Yes, the 8-year-old would be right as far as he goes, but what is the proper libertarian response to all this? Does the babysitter have to slap his forehead because he didn’t get a notarized letter from the parents expressing their wishes, or record it on his iPhone? No, he enforces the will of the actual property owners, and dismisses talk of “well excluding the views of the actual owner, my claim is stronger than yours” as irrelevant.
All right, I’ll stop here while I still have some loyal readers. I do believe I managed to disagree with everyone who has chimed in on these matters!
The most entertaining part of ClimateGate has been to watch the folks at RealClimate and ClimateProgress spin this as a huge disinformation campaign by the “deniers.” The best one I’ve seen so far is (not surprisingly) Joe Romm, who writes:
Michael Mann, one of the country’s leading climatologists, has coauthored a major new review and analysis of climate science since the 2007 IPCC report. Mann…is much attacked by the anti-scientific disinformers because of his work on the paleoclimate “hockey stick” reconstructions of temperature over the past couple of millennia. Contrary to what the disinformers continue to say, however, the hockey stick was essentially vindicated by the National Academy of Sciences…
Since some of his email exchanges were made public by the recent illegal hack of documents from the University of East Anglia, he has also distributed a response to various members of the media and bloggers…
Misrepresentation of these emails is so common that the Washington Post issued one of the fastest retractions/corrections in its history. I had blogged on their November 25 op-ed “Climate of Denial” here…Well, one day later, they “clarified” one of their assertions about Mann…So this should be a cautionary tale to the media to go to the primary source before simply repeating what others have said.
Wow, Romm makes it sound as if the Washington Post spread baseless gossip that is totally unconnected to the hacked emails, doesn’t he? I wonder what scurrilous charges the innocent scientist–just minding his own business, trying to save humanity from climate catastrophe–was accused of, before the WP had to retract their libel?
Check out the WP clarification. I don’t want to spoil it. Let this be a lesson to all those who dare to criticize the world’s leading climatologists!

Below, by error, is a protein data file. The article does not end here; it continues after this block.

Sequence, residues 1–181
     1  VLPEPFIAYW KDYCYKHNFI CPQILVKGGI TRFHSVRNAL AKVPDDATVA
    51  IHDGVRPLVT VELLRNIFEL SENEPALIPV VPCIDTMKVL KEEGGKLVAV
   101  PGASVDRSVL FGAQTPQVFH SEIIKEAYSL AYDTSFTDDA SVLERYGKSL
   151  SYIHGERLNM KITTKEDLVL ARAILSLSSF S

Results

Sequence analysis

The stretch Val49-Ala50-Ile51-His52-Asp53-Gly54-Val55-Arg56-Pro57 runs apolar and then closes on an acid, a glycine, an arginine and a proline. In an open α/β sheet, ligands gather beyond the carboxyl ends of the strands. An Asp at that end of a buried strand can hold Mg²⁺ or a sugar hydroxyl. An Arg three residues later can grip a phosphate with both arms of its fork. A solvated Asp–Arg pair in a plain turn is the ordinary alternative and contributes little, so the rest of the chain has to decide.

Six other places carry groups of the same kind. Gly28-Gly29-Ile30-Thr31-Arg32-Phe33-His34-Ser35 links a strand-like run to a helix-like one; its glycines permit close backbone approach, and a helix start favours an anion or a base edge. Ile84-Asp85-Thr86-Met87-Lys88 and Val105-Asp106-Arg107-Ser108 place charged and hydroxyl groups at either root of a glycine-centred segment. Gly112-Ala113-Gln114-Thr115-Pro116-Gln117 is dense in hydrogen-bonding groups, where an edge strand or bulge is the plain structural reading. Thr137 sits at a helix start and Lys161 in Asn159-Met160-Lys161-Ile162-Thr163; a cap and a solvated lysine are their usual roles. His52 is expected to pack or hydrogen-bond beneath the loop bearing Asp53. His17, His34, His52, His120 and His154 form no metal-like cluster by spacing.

* Here is George Monbiot’s yes-it’s-embarrassing-but-the-deniers-are-still-idiots op ed. (BTW if you don’t know Monbiot, he is a leftist with a purple heart. Seriously, he has street cred. The most I ever did was write internet articles critical of Dick Cheney.)
* That HARRY_READ_ME file is actually more damning than the excerpts I previously linked to. Check out this version. Note in particular the numerous references to “avoid the decline,” and not just post-1960 but in the 1940s as well. That wasn’t a one-off comment in someone’s email. You cannot look at this thing and tell me, “These are some unfortunate phrases taken out of context. There was no ‘trickery’ involved.” And again, let’s recall that the standard line coming from the establishment on climate science has been, “This is complicated stuff. You need to trust us that these fringe guys are making mountains out of molehills. The science is settled, we understand these issues very well, we have high confidence in our models on the important issues that the skeptics attack.” Really?
* So as to be balanced, here’s more of the RealClimate guys’ response. Some of the comments are funny. I could be mistaken, but I think Gavin is letting more critical stuff through than he used to, for obvious reasons.
I am obviously biased and am surely not giving Gavin et al.’s explanations a totally fair shake. But it seems clear to me that Gavin is downplaying the things uncovered in the CRU leak. For a different example, try this. At Comment #51 in the thread I link above, Silke posts a link to that Eduardo Zorita who explained why he thoughts Jones et al. should be barred from the IPCC process. (Just skim the link if you didn’t read it when I posted it here before.) So in response to that, Gavin says: